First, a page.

___Tuqan died on Dec. 12, 2003, during the height of the Al-Aqsa intifada, while her hometown Nablus was under siege — her last poem, “Longing,” cited above, was written while she was bedridden and in deep sorrow over her hometown.    MORE . . . 

“MY  LIBERTY,”  BY  FADWA  TUQAN
My liberty―my liberty―my liberty,
a sound I repeat
with angry lips
under the exchange of fire
and flames
I run after it
despite my chains
and follow its tracks
despite the night
and struggle ardently
for my liberty
My liberty
My liberty

And the Holy River
and Bridge repeat:
my liberty
and the two banks reiterate:
my liberty
and the raging wind and thunder,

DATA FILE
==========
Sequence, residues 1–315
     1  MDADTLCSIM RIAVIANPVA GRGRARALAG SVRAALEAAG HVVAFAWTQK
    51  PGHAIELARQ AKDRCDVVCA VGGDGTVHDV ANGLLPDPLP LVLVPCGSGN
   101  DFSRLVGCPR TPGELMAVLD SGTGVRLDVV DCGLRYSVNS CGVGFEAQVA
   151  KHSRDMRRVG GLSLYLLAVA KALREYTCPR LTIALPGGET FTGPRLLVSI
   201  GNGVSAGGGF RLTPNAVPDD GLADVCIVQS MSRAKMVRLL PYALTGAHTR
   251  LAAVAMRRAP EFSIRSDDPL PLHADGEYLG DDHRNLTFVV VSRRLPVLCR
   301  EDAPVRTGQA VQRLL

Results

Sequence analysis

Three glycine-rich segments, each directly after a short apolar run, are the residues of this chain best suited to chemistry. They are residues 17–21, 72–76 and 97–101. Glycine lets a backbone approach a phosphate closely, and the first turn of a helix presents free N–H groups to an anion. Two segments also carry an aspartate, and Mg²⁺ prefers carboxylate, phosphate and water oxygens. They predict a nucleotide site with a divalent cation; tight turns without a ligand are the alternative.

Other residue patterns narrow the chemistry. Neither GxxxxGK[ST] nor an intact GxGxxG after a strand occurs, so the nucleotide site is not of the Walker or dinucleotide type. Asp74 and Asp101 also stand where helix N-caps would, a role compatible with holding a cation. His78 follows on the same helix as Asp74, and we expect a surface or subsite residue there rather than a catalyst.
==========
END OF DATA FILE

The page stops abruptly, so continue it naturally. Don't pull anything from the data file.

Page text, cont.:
tornadoes and rain
echo the sound:
my liberty

I shall carve its name
while I resist
on the land
by the walls and the doors
in the Temple of the Virgin
in the altar
and in the field,
on every hill
and every valley
and every curve
and road
in prison
in the torture rooms
and on the gallows
Despite the chains
and the house demolition
I shall carve its name
until I see it again
extending to my Homeland
and flourish
and flourish
until every inch of the land is covered
until every door is opened
by red liberty.
And the night vanishes
and the day breaks
My liberty―my liberty―my liberty

From: Aruri, Naseer and Edmund Ghareeb, eds. ENEMY  OF  THE  SUN:  POETRY  OF  THE  PALESTINIAN  RESISTANCE. Washington, DC: Drum and Spear Press, 1970.    Available from Amazon.